3) The Ukraine has gone from being an exporter of gas to the Soviet Union to a “transit country” (the gas fields onshore are mostly tapped out by now). There are several major gas lines that connect Russia’s vast gas supply with central Europe and thus central Europe’s money. In the last 20 years, most of the Ukraine’s income and wealth generation has been in either fees for gas transit (along with a cut of the gas transmitted), agriculture, gas based chemicals and weaponry for Russia. Most of the massive “transit fees” have been stolen by the “oligarchs” in the Ukraine, and now there is little to show for it. The US-European originated coup this spring has degenerated into both a military conflict and a way to massively impoverish EVEN MORE of most of the Ukraine’s people. The vast gas supplies in the Black Sea near Crimea are now forfeited to Russia, and as winter approaches, no money and no gas are going to be a very cruel combination - perhaps crueler than the Ukranian Nazi’s who are consolidating power from the oligarchs who think they can control them. Should things go even worse, a large segment of Europe will have their gas held hostage by the Nazis/oligarchs coalition which hates Russia and is hated by Russia (the Russians just don’t like Nazis after WW2). However, while it is normally money that smooths over things/does the talking, things are now up in the air, and money might not calm these profound disputes. Several million people could starve or freeze this year if some compromise by the oligarchs with Russia and the Europeans is not arrived at soon….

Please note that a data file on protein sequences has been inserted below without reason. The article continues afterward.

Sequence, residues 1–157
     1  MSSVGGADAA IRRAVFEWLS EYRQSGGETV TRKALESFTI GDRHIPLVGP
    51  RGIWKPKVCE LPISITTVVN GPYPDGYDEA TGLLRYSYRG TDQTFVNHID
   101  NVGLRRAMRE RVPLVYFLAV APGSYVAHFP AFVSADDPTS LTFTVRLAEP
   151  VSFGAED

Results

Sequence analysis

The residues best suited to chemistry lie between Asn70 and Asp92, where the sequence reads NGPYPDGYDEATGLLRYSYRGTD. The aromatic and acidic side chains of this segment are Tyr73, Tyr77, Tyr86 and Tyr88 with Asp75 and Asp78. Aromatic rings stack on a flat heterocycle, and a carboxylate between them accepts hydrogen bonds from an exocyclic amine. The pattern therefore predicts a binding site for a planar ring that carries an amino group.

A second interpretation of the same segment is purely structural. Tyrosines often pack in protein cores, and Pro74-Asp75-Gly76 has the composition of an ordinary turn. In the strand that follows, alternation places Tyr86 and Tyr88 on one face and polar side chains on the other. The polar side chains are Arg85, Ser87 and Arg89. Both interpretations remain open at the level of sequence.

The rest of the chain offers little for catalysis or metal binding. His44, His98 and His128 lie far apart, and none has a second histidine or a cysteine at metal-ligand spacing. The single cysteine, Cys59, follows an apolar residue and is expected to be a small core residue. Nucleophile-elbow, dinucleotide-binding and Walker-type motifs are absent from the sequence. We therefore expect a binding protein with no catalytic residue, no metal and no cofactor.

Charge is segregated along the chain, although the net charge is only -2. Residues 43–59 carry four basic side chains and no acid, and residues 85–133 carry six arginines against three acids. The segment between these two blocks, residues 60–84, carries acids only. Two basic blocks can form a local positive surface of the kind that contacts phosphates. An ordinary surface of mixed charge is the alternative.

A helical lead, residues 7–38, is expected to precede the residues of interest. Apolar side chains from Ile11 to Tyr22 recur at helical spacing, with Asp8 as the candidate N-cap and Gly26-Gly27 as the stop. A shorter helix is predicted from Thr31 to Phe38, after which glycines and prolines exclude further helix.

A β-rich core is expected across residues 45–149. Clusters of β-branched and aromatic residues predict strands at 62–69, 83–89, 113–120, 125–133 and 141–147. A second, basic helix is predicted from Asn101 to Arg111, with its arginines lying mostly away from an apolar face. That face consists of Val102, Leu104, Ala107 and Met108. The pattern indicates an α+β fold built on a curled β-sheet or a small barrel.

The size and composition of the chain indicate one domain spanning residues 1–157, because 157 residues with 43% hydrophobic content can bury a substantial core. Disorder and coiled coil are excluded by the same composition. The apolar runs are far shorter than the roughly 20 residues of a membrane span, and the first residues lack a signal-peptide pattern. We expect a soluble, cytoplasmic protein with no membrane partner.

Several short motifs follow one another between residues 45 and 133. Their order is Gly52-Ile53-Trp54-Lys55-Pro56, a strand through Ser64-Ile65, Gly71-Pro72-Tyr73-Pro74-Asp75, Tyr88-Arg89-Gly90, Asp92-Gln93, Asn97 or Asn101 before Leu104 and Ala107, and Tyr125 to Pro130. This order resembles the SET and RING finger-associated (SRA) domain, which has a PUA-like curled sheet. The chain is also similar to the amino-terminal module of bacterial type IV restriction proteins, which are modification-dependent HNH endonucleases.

4) Syria’s conflict began shortly after a plan to export gas from Qatar via Saudia Arabia via Syria through Turkey and to Europe was rejected in favor of the Iran-Iraq-Syria plan by Syria’s Baathist Party leadership. The present chaos of ISIS is a “Made in Qatar/Saudia Arabia/USA” mess (check out this most awesome article on ISIS -, with all sorts of Sunni extremists waging a mercenary war that may get out of control. It may also turn into a Sunni-Shia bloodbath, where the ancient conflict is settled for once and for all. But it is the ability to transmit massive quantities of methane to Europe that is at the root of this; the religion and other turf wars are just the icing on the cake. Also of interest is the Leviathan gas field that parallels the eastern Mediterranean coast (but is in deep waters) - see While only a mere 25 trillion cubic feet of gas, this IS 2 billion cubic feet per day for over 34 years. And there is enough oil to keep Israel supplied for some time…. and Israel in the intrigue of this battle in Syria.